A Guide to the FDCPA

    People get into loan troubles for various reasons. Some people fall victim to some kind of scam, some people run into serious credit card debts, and yet, some people are facing foreclosure problems due to the current economic crisis. To deal with the situation, the government has enacted laws to protect consumers and the Fair Debt Collection Practices Act (FDCPA) was passed to do just that. The FDCPA creates guidelines that define how debt collectors can go about collecting their debts to ensure that consumers don’t end up suffering from extreme harassment because of overzealous collectors, especially if they’re innocent victims of some scam.

    The FDCPA defines a debt collector as anyone “who uses any instrument of interstate commerce or the mail in any business, the principal purpose of which is to collect debts, or who regularly collects or attempts to collect debts owed to them or due or asserted to be owed or due another.” In other words, anyone who sends out notices to collect debt or who regularly tries to collect debts has to follow the FDCPA. Violations are harshly punished. It’s important to note that debts owed by businesses do not fall under the Act’s coverage.

    The Act also establishes rules of conduct. For instance, a collector can only call someone’s house phone between 8 AM and 9 PM local time. They have to cease communication with consumers beyond litigation if they receive a written request. Debt collectors cannot call a house over and again with the intent to annoy. Consumers may not be contacted at their placement of employment. Also, debt collectors cannot contact someone who has an attorney because the person is being represented by the attorney.

    There are also some things that debt collectors must do. They must identify themselves to the consumer, identify the name and address of the original creditor, notify the consumer of their right to dispute that they owe a debt, and they must also provide verification of the debt. Debt collectors must also file all lawsuits within the proper venues. However, consumers may also file lawsuits in state or federal court against debt collectors, if they wish.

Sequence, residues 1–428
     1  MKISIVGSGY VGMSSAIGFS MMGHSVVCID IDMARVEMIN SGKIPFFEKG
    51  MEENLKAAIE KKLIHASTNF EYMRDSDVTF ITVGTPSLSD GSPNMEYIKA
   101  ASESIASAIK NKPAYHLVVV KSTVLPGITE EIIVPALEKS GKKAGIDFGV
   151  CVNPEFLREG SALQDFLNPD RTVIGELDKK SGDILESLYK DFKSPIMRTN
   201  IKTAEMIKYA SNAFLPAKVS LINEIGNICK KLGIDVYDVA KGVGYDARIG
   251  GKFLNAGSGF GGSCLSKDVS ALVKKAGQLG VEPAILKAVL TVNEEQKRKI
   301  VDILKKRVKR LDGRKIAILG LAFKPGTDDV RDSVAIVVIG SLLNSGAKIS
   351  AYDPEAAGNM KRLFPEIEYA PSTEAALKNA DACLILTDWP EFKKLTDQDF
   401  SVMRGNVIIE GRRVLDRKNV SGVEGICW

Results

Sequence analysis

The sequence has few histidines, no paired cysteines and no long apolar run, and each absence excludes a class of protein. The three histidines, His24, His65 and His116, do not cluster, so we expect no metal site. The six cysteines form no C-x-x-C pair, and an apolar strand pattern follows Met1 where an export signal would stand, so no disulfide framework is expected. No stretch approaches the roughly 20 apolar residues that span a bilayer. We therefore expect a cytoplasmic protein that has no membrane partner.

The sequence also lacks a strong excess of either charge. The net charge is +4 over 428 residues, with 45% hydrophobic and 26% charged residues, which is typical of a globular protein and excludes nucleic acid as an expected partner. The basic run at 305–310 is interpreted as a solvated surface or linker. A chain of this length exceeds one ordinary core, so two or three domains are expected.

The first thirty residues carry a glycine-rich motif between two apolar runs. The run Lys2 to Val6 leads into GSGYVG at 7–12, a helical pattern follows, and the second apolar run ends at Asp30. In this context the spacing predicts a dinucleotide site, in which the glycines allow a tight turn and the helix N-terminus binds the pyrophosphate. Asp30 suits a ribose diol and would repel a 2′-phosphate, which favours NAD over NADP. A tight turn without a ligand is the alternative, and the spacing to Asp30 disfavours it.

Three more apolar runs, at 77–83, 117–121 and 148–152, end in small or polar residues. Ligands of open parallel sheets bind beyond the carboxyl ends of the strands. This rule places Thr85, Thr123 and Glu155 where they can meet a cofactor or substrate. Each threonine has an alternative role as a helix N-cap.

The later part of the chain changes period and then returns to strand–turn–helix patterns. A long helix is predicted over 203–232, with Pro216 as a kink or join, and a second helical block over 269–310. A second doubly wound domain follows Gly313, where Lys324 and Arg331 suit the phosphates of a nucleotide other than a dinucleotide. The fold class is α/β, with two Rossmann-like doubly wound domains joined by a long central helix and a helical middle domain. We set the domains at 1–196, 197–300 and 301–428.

Enforcement of the FDCPA is done by the FTC, the Federal Trade Commission. Recently, there have been pushes to have a new agency, the Consumer Financial Protection Agency, to be put in charge. The FDCPA has received criticism for not going far enough to protect consumers from debt collectors. The original 1977 version of the law has not kept up with inflation so the damages that can be awarded to consumers represent only a fraction of what it should be. The credit industry has also complained that the FDCPA allows consumers to file frivolous lawsuits that cost them money and impede their ability to collect debts.

    Every year, there is an annual report of the FDCPA’s findings, which is a publication that summarizes the year’s enforcement activities. It also supplies Congress with details of consumer complaints and debt collector violations. The FTC actually receives more complains about debt collectors than they do about anything else, which explains the need for the Act in the first place.

    For more information on the FDCPA, refer to the following sites:

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